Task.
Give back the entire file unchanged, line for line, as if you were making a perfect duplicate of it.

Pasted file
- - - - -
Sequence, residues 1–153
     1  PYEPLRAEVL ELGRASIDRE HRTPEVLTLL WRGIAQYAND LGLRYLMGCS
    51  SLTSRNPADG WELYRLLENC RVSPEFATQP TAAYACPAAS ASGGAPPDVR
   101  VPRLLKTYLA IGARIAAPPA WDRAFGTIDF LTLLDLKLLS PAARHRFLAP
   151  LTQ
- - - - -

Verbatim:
Sequence, residues 1–153
     1  PYEPLRAEVL ELGRASIDRE HRTPEVLTLL WRGIAQYAND LGLRYLMGCS
    51  SLTSRNPADG WELYRLLENC RVSPEFATQP TAAYACPAAS ASGGAPPDVR
   101  VPRLLKTYLA IGARIAAPPA WDRAFGTIDF LTLLDLKLLS PAARHRFLAP
   151  LTQ